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Schlieren, Switzerland

Henkensmeier D.,Paul Scherrer Institute | Henkensmeier D.,Korea Institute of Science and Technology | Ben youcef H.,Paul Scherrer Institute | Ben youcef H.,Chemspeed Technologies AG | And 3 more authors.
Journal of Membrane Science | Year: 2013

A new membrane material for polymer electrolyte fuel cells (PEFC), ETFE-. graft-poly(. α-methylstyrenesulfonic acid-. co-methacrylonitrile), is presented. Its preparation by radiation-induced grafting and the dependence of the reaction kinetics on the irradiation dose (3 and 15. kGy) and crosslinker concentration are reported. A series of divinylbenzene crosslinked and uncrosslinked membranes is characterised with respect to ion exchange capacity (IEC) (up to 2.1. mmol/g), proton conductivity (up to 92. mS/cm at room temperature), and water uptake (10-67%). Furthermore, the correlation between the dimensional stability of the membrane and the graft level is presented. The ex situ hydrolytic stability of the membranes was tested and analysed by infrared (IR) spectroscopy. In a hydrogen/oxygen PEFC at 80. °C, Nafion 212 and a 35. μm thick grafted membrane showed the same performance, whereas the hydrogen permeability of the grafted membrane is only one third compared to that of Nafion 212. © 2013 Elsevier B.V. Source

Mottay P.,Brechbuehler Inc. | Stoop R.,Brechbuhler AG | Picher P.,Brechbuhler AG | Hofstetter U.,Brechbuhler AG
American Laboratory | Year: 2010

Brechbuehler, Inc., Houston, TX, has designed an Odor Search tool aimed to match GC-MS library search results and identify odor-active compounds without having to perform GC-O. Odor Search takes the results from a library search performed from a GC-MS run and compares each GC-MS library match to the internal odor database. Odor Search reads the results file, compares each library match based on the CAS number, and displays the chromatogram and raw spectrum and the library spectrum. The software requires the compound name, CAS number, and associated odor, while additionally, specific information includes the structure file and retention indexes. Odor Search also allows comparisons of chromatograms and a chromatogram database can be created from the results file. The tool can also compare sample to the chromatogram database to gain a knowledge of essential oils contained in it. Source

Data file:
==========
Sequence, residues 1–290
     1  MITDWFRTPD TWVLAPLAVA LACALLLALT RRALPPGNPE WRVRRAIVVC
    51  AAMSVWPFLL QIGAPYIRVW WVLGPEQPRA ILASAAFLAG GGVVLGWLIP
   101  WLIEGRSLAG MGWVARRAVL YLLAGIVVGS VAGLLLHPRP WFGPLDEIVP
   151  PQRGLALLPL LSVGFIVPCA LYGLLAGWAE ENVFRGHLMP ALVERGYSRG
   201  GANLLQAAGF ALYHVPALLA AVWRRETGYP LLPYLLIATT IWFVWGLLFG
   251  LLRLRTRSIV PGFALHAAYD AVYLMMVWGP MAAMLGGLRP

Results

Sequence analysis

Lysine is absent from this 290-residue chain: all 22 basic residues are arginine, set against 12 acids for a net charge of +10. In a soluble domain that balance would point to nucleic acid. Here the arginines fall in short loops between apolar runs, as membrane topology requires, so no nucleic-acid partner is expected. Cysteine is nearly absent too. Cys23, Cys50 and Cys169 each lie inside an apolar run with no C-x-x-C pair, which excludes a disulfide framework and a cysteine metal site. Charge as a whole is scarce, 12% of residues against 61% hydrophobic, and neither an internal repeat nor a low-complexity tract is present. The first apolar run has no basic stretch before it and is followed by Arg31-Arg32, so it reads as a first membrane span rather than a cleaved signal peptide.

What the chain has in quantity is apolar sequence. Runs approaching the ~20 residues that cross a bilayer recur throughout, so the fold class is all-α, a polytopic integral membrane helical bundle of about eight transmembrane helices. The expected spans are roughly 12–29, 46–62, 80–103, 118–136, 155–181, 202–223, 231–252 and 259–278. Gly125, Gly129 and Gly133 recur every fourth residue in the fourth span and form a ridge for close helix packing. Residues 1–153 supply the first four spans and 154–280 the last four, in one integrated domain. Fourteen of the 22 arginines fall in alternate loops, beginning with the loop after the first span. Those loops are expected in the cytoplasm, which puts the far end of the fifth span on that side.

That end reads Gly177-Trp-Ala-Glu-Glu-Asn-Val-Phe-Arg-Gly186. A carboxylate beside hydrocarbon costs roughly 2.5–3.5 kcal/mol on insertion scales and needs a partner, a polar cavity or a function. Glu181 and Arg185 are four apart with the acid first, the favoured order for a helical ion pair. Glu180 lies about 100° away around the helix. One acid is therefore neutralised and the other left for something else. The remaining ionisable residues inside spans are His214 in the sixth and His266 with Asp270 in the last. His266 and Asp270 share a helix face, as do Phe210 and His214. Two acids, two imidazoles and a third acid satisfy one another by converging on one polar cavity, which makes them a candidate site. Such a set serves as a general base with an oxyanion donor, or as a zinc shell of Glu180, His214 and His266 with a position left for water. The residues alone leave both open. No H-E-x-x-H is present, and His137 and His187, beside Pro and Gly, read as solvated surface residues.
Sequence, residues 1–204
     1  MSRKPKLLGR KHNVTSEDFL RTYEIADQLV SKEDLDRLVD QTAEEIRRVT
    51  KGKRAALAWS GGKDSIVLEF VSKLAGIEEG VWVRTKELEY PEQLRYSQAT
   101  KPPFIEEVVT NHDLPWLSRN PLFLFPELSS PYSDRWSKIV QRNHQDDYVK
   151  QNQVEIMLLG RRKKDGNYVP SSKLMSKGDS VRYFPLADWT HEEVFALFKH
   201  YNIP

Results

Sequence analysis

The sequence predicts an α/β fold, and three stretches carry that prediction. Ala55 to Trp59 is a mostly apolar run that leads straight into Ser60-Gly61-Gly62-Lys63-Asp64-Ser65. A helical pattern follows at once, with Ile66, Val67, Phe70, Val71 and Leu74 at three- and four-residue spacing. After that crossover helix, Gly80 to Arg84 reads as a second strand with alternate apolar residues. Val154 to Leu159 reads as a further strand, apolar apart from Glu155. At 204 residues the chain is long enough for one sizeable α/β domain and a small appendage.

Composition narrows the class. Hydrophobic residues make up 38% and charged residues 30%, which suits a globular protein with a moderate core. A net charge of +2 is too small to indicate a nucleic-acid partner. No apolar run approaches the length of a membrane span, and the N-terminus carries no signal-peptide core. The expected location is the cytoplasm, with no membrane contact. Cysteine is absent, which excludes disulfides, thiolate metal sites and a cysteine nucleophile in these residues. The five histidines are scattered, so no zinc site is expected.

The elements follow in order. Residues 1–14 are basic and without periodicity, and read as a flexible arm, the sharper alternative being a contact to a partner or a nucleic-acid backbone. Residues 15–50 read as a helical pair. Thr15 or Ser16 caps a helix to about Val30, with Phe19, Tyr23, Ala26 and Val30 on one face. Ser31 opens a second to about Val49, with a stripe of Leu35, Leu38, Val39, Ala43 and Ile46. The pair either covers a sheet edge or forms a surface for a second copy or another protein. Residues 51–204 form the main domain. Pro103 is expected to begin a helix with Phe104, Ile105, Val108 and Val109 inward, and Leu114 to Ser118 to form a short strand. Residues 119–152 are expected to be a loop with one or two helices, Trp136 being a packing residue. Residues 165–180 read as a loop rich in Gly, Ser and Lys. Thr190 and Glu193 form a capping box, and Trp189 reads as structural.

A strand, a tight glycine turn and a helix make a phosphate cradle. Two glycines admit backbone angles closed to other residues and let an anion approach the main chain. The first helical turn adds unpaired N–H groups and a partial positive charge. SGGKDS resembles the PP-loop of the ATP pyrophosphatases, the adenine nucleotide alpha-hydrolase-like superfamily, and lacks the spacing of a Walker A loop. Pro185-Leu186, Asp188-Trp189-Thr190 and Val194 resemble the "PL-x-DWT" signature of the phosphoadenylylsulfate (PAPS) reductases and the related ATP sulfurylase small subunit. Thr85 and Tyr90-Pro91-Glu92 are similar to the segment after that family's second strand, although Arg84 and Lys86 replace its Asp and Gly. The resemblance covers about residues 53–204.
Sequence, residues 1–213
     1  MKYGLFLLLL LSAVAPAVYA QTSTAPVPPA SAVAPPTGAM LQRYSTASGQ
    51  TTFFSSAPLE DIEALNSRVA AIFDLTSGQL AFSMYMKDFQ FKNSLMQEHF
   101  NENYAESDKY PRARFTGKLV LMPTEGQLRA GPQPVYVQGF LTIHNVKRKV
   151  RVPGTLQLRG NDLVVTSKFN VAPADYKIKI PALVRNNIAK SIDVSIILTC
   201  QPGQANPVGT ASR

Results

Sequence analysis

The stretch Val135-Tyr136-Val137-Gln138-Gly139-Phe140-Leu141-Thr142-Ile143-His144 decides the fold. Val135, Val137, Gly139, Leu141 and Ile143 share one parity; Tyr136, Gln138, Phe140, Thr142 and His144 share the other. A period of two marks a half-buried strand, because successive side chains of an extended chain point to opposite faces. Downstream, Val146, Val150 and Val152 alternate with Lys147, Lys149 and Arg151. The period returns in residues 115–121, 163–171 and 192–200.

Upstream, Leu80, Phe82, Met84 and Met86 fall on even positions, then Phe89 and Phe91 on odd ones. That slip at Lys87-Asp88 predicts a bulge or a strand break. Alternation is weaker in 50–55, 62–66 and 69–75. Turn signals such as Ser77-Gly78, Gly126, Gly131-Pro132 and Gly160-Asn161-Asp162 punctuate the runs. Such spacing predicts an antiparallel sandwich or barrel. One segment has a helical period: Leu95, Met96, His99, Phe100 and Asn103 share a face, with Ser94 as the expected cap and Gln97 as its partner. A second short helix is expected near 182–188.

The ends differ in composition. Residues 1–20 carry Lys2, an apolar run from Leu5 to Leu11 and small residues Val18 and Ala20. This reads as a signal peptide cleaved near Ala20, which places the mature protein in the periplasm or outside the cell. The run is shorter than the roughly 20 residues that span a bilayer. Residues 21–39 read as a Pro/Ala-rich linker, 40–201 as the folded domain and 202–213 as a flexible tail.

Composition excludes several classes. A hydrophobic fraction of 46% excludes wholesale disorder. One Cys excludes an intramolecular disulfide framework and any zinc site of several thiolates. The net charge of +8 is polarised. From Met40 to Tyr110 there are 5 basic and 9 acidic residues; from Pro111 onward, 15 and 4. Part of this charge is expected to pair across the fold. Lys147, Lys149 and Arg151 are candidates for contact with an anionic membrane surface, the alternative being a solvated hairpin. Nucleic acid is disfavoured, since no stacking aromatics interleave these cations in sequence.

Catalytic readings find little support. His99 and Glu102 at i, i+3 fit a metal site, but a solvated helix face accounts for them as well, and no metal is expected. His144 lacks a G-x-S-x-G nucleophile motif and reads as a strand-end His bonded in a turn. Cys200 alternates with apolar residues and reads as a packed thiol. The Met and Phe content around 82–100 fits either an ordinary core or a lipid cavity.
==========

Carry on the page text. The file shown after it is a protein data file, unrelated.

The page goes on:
Spangenberg J.E.,University of Lausanne | Ferrer M.,University of Lausanne | Ferrer M.,Brechbuhler AG | Jacomet S.,University of Basel | And 2 more authors.
Organic Geochemistry | Year: 2014

Excellently preserved animal bone and antler artifacts are numerous among the archaeological finds in Neolithic Alpine lakeshore settlements. Use-wear and production traces on the surface of these artifacts include cuttings and hammer or grinding traces; there are also large bright and shiny areas. We have explored the origin of such shiny surfaces using molecular and isotopic analysis of the lipids staining freshly unearthed and non-conserved bone and antler artifacts from a recent excavation at the underground parking garage of Zurich Opera House (Switzerland), dating to ca. 3230-2729 BC. A set of 10 artifacts, covering distinct osteological and typological features, was selected for study. The lipids were extracted separately from the surfaces of the tapered thinner working part and the wider handling area of each tool. The lipid distribution was characterized by a significant amount of animal sterols (cholesterol, cholestanol, coprostanol and epicholestanol), wax n-alkanes, n-alkan-1-ols and phytosterols (β-sitosterol, sitostanol) and abundant saturated, mono- and polyunsaturated fatty acids (FAs) in the C14-C26 range. The δ13C values of the main FAs, and the relatively high C18:2 content (up to 31% of total FAs) and significant content of C18:3 (up to 6%) indicated that the lipids on the surface of the artifacts were a mixture of C3 plant oils rich in linoleic acid and (indigenous) animal lipids. The results provide evidence for the archaeological hypothesis that the bone and antler artifacts were specific tools which were deliberately fashioned, and pretreated and maintained with a preservative material based on plant oil likely from seeds of Linum usitatissimum (flax) and Papaver somniferum (poppy), with probably some contribution from Corylus avellana (hazelnut) and Brassica rapa (turnip). © 2014 Elsevier Ltd. Source

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